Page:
A heavily criticized Department of Homeland Security Report on right-wing extremism that was released in April warned precisely of the type of violent anti-Semitic activity that occurred at the Holocaust Memorial Museum in Washington D.C. on Wednesday.
Early this afternoon, a man in his late-80s with ties to white supremacist organizations opened fire inside the museum, reportedly hitting two people, including a security guard, in the process.
James W. Von Brunn, according to reports, has a history of anti-Semitism and may have been driven by such feelings when he committed his violent act. Indeed, Von Brunn even had anti-Semitic writings on his web site, and had made pejorative remarks about Jewish control of the Justice system.
In light of these biographical revelations, it is worth revisiting the DHS report that was deemed by conservatives to be so controversial.
In April, the Department of Homeland Security issued a draft memorandum warning that the current economic and political landscape created dangerously ripe conditions for a resurgence in radicalization and extremist recruitment. In it, federal officials warned specifically about an upswing of anti-Semitic behavior.
"Anti-Semitic extremists attribute these losses to a deliberate conspiracy conducted by a cabal of Jewish 'financial elites,'" the report read. "These 'accusatory' tactics are employed to draw new recruits into right-wing extremist groups and further radicalize those already subscribing to extremist beliefs."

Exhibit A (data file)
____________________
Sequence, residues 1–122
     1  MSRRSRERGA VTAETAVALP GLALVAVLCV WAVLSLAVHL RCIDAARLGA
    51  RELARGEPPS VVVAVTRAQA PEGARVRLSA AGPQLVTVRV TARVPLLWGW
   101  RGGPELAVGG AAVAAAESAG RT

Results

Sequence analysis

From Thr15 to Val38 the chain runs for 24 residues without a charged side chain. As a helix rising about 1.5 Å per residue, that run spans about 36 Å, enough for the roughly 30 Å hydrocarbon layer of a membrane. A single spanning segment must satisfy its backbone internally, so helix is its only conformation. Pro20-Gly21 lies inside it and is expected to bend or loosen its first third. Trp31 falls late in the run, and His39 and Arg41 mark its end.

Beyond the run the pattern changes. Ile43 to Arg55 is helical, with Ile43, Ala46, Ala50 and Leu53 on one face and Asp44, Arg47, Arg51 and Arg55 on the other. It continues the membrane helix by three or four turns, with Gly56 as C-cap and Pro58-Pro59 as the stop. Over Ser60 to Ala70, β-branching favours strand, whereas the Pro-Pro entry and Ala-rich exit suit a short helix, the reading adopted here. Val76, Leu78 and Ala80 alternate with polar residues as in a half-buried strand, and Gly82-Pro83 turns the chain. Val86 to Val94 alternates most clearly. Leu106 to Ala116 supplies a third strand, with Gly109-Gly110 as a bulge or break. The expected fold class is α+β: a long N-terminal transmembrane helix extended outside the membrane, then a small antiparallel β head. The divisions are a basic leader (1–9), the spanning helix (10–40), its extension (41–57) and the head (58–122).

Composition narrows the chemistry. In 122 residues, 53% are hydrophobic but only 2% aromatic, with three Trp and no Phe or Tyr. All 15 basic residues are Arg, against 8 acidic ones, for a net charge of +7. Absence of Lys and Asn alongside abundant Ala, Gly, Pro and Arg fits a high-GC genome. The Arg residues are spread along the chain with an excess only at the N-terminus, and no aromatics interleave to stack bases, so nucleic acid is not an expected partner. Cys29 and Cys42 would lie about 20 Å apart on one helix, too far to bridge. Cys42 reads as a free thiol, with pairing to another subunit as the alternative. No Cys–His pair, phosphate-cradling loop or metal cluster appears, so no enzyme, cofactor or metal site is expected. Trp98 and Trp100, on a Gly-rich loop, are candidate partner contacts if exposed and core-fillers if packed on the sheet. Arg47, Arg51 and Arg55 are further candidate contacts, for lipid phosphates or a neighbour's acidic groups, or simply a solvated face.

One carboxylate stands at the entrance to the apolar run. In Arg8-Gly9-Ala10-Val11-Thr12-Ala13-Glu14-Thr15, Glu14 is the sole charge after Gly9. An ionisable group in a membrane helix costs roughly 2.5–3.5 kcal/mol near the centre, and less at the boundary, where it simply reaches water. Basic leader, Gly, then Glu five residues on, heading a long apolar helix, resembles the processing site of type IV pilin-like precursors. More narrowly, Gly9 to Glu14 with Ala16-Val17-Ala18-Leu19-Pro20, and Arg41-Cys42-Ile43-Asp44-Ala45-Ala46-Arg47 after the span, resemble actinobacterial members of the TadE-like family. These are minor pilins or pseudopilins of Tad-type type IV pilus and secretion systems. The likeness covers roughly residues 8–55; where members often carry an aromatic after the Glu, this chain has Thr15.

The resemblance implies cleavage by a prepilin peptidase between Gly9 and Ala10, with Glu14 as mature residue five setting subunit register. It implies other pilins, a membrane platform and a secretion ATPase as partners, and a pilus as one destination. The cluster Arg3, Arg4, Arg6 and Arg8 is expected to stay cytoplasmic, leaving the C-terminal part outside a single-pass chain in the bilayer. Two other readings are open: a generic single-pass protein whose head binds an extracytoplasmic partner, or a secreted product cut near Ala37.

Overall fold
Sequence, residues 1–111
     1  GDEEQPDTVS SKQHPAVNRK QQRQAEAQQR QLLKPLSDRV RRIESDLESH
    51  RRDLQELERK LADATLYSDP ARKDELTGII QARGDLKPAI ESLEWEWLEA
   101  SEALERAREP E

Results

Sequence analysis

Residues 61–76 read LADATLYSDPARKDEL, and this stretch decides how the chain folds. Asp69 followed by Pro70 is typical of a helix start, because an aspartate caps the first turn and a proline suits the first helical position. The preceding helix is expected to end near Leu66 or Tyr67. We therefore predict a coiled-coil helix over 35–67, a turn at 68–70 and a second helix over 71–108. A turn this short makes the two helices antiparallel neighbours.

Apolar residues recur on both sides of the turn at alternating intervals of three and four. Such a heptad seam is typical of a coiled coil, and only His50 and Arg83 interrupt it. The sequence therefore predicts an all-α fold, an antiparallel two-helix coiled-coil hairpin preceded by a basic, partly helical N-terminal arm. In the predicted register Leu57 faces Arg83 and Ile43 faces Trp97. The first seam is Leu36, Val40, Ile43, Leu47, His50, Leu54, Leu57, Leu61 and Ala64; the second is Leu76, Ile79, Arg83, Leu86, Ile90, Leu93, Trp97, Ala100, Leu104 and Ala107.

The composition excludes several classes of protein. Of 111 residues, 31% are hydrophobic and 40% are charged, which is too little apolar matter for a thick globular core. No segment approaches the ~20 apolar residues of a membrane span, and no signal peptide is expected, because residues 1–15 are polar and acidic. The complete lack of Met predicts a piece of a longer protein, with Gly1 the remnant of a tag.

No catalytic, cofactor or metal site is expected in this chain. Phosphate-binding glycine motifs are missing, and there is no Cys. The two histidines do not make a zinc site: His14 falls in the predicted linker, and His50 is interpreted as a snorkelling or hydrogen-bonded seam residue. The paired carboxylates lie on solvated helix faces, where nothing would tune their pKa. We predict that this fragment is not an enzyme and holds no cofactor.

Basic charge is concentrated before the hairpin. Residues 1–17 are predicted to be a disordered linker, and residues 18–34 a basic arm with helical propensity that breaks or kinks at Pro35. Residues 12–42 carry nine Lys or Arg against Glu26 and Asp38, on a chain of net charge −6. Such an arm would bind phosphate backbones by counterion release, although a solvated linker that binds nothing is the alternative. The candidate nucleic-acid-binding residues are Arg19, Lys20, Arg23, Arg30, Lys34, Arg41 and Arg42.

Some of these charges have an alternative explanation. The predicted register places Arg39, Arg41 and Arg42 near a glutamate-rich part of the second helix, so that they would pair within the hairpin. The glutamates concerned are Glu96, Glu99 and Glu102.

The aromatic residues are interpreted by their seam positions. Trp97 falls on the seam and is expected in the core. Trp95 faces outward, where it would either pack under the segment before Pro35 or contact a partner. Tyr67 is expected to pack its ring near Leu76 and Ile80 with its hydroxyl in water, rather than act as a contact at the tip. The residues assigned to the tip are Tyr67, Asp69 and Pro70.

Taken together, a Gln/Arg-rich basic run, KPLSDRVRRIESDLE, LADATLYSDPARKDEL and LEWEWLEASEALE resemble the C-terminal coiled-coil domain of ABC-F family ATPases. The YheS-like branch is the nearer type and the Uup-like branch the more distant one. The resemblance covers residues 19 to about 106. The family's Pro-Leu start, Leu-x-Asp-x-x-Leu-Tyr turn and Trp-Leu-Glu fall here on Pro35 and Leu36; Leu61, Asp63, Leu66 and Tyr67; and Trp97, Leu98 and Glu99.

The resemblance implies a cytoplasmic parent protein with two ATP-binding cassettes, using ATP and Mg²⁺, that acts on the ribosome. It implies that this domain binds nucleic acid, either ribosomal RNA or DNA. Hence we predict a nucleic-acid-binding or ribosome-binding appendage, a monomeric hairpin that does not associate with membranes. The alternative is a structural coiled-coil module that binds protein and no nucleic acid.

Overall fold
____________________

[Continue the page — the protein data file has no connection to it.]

When the 10-page DHS memorandum was made public, however, warnings like these largely took the back seat to charges that the department had been politically motivated in its assessments and writings. Indeed, a wide swath of voices in the conservative movement -- from Rush Limbaugh to RNC Chairman Michael Steele -- lashed out at DHS Secretary Napolitano over what they deemed an anti-Republican report.
"This is the height of insult here," Steele told Fox News. "I mean to segment out Americans who dissent from this administration, to segment out conservatives in this country who have a different philosophy or view from this administration, and labeling them as terrorists and then to call into question the service of the men and women who are right now standing on that wall defending our freedom and linking them to terrorism while you refuse to call the terrorists -- the real terrorists -- terrorists, to me it's the height of insult."
It's been several months now since that DHS report was issues and, sadly, the study is proving increasingly prescient. In addition to the Von Brunn shootings, there has been the killing of abortion provider George Tiller, another type of ideologically-driven killing that Napolitano warned against.
"Rightwing extremism in the United States can be broadly divided into those groups, movements, and adherents that are primarily hate-oriented (based on hatred of particular religious, racial or ethnic groups), and those that are mainly anti-government, rejecting federal authority in favor of state or local authority, or rejecting government authority entirely," the DHS report reads. "It may include groups and individuals that are dedicated to a single issue, such as opposition to abortion or immigration."